3D Printed NASA Rocket Parts: From the Moon to Mars

Bigger, Cheaper, and Faster Manufacturing

NASA is preparing for the human exploration of Mars and 3D printing is going to play a huge role in it. Experts, engineers and academia are working to make this happen. An emerging technology by NASA, called Rapid Analysis and Manufacturing Propulsion Technology (or RAMPT) will be using metal powder and lasers to produce large, complex engine components like nozzles and combustion chambers never done before. The advantage is that the most difficult and expensive rocket engine parts can be produced for a lower price. Other companies in the aerospace industry can apply this manufacturing technology to the medical, transportation, and infrastructure industries.

Via the new technology, NASA has printed one of the largest engine nozzles for a rocket. It measures 40 inches in diameter and 38 inches tall with its own cooling channels. Blown powder directed energy deposition can produce these large structures, and it’s cheaper and quicker than traditional fabrication techniques. Compared to one year long production via traditional welding, this nozzle was done in just 30 days.

NASA’s Space Launch System (or SLS) rocket team and the Orion spacecraft, the exploration vehicle that will carry the human crew to space, are the backbone to NASA’s deep space exploration plans, including sending the first woman and next man to the Moon in 2024 and establish sustainable exploration by the end of 2030. SLS is investing in RAMPT to certify it for spaceflight. Together they will build and evaluate a nozzle that is up to 5 feet in diameter and 7 feet tall, all at reduced schedule and cost.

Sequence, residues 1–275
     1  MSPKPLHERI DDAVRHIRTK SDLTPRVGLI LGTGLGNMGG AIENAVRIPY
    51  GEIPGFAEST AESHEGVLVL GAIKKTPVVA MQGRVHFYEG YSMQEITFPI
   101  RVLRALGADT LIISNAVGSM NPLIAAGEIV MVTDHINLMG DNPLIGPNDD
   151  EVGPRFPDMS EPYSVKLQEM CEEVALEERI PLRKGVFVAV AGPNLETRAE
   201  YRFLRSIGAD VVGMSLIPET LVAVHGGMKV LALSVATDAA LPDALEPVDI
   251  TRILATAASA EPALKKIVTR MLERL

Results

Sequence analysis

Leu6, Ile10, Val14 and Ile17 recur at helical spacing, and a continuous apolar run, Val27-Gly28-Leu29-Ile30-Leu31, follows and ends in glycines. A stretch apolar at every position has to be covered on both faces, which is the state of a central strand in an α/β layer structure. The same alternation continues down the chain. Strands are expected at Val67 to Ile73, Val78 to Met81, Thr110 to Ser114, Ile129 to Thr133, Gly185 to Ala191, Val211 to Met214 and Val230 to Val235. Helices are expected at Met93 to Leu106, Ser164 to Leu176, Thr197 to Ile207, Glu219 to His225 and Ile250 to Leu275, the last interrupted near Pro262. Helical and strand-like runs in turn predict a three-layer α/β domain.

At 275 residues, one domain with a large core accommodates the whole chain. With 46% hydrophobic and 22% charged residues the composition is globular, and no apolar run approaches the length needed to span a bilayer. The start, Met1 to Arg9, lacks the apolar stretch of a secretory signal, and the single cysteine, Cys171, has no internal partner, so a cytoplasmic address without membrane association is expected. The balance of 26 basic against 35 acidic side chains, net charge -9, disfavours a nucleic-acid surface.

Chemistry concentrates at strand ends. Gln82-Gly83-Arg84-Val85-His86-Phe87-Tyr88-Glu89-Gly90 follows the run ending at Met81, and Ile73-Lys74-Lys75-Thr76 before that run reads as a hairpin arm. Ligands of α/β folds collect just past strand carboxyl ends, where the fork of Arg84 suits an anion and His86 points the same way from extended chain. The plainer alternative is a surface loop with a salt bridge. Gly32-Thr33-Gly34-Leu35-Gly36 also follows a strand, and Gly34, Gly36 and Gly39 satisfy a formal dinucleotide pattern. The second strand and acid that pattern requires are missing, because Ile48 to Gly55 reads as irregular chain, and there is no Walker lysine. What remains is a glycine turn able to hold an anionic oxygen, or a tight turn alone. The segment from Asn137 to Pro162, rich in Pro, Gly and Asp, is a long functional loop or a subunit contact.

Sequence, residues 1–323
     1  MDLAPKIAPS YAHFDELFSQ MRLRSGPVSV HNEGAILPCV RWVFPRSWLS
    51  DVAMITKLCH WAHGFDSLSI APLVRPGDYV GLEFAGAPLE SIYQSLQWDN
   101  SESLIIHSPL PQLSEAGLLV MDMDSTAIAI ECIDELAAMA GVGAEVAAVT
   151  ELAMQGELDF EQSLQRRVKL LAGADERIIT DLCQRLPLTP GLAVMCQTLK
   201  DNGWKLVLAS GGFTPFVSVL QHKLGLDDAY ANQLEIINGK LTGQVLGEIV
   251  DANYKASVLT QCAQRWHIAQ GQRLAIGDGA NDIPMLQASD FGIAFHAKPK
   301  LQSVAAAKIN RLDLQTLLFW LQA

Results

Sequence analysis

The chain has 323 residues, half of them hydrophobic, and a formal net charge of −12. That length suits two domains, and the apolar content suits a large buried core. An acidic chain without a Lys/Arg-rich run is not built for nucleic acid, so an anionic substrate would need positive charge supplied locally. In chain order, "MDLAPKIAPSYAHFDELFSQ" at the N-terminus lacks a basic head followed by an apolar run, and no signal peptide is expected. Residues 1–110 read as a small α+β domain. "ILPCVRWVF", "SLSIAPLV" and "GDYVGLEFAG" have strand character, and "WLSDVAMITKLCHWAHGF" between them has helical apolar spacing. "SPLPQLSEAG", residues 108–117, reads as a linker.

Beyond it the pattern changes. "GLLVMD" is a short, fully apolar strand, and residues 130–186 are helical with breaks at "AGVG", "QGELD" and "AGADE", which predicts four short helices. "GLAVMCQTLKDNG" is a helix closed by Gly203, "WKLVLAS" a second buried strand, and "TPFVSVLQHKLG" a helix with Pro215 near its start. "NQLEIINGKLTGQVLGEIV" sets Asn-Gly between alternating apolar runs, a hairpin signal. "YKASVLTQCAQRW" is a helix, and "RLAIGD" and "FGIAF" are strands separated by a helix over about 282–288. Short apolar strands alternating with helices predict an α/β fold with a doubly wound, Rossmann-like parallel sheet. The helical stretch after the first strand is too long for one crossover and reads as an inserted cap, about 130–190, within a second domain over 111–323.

Entering into public-private partnerships, NASA is working with academia and industry to play an important role. With Auburn University in Alabama, RAMPT collaborates with specialty manufacturing companies already advancing the “state of the art” and making the developed technologies available to the private sector. It adds value to NASA missions as they share some development costs. The technology may also play critical roles in many other industries, including commercial space.